In the Spotlight - Red Bull vs Redwell Brewing
Red Bull was seeking a name change
It was the turn this week of a small brewery in England to wander blinking on to the front pages, in a classic David-and-Goliath story that also fanned the Twitter flames. Though, as it turned out, not all was as it first seemed.
Norfolk's Eastern Daily Press (EDP) reported yesterday (14 August) that Norwich's Redwell Brewing had received a letter from energy drinks firm Red Bull asking the brewer to change its name because it was too similar to the Austrian company's own trademark. “Consumers ... will easily consider the sign ‘Redwell’ as a line extension under Red Bull,” the letter reportedly stated.
Redwell's directors, who named their company after a local street, claimed to be shocked at the letter, as they had no plans to encroach on Red Bull's energy drinks market.
What happened next may have shocked them more. Twitter users soon picked up on the EDP article and rallied to Redwell's cause, branding Red Bull another corporate bully picking on hard-working independents. The hashtag #redbullies was incorporated and messages flooded in from all over.
One of Redwell's four directors told just-drinks that a name change would be “disastrous” for the company, which was only launched a few months ago. The Independent, meanwhile, played up the vast difference in scale between the two companies - Red Bull with 9,000 staff, Redwell with eight.
The coverage equalled the amount given over to another small UK brewer challenged over its name by a large drinks firm. In May, Anheuser-Busch InBev wrote a cease-and-desist letter to Belleville over concerns the London microbrewer's brands would be confused with its Belgian fruit-flavoured beer Belle-Vue.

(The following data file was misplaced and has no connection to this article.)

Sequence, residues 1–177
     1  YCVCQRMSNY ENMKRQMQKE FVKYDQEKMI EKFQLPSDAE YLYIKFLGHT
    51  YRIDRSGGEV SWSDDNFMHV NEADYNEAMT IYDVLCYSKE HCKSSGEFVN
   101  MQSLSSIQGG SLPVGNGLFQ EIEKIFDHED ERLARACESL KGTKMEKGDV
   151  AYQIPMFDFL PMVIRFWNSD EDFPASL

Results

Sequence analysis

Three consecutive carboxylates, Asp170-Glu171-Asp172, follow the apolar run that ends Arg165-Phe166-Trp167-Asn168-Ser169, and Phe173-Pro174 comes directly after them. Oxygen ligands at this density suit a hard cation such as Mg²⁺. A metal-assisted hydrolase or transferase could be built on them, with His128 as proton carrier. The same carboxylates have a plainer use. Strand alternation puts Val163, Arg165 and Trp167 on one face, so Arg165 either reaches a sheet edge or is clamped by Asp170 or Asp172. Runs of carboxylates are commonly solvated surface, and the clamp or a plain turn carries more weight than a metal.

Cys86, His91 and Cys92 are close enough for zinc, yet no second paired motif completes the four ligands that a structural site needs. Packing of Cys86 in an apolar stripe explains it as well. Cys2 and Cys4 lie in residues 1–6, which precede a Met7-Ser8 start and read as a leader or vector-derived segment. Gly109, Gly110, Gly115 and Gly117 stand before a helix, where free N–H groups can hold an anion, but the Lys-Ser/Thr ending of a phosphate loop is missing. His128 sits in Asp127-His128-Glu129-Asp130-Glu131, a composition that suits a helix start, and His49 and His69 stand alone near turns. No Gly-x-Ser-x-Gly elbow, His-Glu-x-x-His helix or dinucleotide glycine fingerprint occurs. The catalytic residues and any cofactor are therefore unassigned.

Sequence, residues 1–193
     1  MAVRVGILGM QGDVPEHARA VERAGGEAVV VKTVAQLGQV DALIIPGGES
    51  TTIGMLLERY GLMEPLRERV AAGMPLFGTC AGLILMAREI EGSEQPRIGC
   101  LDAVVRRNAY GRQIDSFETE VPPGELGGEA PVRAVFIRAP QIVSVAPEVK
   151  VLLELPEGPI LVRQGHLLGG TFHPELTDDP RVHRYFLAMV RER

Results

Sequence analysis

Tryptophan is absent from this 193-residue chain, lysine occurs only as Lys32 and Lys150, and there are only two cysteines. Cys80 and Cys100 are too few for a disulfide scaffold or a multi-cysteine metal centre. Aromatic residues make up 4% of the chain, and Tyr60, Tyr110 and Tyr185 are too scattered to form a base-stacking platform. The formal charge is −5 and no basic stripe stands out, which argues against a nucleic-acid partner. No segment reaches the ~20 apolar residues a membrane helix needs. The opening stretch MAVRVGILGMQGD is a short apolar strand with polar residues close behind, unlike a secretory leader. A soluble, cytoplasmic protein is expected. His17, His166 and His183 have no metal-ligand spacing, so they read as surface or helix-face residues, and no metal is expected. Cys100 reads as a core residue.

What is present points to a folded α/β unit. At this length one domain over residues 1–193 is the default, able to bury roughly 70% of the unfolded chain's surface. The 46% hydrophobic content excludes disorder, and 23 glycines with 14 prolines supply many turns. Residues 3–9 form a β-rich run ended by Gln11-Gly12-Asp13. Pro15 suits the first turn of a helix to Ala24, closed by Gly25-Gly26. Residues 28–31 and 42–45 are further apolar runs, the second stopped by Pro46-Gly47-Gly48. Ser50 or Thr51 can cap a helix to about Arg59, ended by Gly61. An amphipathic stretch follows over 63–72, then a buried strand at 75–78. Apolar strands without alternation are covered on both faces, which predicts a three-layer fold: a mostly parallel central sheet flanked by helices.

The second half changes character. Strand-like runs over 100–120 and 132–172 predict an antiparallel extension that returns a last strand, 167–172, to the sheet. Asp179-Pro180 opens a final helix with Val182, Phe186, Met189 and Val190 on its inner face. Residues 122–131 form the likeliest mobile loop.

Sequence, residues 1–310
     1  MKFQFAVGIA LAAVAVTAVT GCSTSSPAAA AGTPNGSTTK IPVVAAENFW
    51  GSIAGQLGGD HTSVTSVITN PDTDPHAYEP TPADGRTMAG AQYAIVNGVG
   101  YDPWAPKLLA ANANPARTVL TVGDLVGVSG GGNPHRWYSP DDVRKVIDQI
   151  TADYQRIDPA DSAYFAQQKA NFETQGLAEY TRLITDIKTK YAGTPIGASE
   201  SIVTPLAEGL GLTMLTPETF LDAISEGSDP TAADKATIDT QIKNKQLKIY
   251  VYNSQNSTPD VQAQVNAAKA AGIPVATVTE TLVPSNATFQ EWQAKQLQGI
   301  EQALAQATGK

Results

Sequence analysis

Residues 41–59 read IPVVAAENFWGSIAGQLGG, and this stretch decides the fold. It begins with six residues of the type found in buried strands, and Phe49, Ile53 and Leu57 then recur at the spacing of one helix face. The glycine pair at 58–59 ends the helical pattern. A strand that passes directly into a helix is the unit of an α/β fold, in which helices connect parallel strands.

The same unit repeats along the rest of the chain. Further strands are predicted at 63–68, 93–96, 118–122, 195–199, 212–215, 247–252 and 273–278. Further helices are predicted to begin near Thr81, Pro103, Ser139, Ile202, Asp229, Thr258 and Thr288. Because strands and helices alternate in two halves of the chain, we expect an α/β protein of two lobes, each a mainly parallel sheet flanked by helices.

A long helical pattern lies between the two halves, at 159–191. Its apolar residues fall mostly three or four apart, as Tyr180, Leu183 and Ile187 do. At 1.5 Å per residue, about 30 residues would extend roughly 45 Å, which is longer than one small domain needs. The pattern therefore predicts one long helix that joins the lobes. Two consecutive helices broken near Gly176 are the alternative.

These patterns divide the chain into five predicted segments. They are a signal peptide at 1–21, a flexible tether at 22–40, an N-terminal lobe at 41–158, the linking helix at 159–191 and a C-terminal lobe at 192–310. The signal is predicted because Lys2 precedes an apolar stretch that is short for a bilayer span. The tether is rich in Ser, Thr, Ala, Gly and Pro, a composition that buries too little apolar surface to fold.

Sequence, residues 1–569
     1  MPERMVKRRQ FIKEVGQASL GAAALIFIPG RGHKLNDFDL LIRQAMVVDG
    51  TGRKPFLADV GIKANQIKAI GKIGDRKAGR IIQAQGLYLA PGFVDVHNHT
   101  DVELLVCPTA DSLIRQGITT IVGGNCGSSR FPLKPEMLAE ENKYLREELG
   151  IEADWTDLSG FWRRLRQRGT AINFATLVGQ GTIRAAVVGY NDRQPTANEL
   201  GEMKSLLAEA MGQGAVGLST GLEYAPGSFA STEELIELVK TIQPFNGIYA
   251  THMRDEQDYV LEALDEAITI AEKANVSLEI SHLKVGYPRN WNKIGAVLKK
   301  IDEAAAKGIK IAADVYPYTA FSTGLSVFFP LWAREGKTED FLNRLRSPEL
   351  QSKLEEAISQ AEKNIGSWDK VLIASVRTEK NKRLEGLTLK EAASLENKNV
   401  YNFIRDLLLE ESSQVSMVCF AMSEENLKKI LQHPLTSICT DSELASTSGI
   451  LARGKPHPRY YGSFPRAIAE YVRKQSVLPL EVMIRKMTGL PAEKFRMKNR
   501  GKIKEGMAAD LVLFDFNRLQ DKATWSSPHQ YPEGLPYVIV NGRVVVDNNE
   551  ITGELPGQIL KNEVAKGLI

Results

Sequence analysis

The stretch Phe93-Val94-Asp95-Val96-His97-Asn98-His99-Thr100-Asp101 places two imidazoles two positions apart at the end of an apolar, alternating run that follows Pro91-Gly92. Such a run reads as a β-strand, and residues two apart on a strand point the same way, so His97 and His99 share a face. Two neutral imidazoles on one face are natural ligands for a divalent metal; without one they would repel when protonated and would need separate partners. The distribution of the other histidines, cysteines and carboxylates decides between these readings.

On that occasion, Belleville eventually reached an agreement with A-B InBev, who had possibly been swayed by a deluge of online support for the smaller firm.
Yesterday, Red Bull seemed initially reluctant to comment on the Redwell story, telling some press outlets it would not discuss ongoing legal cases. When Red Bull did issue a statement, however, it turned proceedings upside down.
As reported in just-drinks, Red Bull said that, far from being a bully, the company had no dispute with Redwell over its beer trademark in the first place.
“Red Bull has long been willing to allow Redwell to maintain its mark for beer so long as they do not use it for energy drinks. Redwell's solicitor has agreed to this,” it said.
Redwell's directors, meanwhile, said they were unaware of any settlement, casting doubt on the day's events.
Today, Redwell cleared up that doubt, saying that Red Bull has decided to allow it to keep its name. “Red Bull have removed all restrictions except one - that we will never be making an energy drink,” Redwell tweeted.
Last word can go to the Redwell directors, who found themselves in the middle of a mini media storm.
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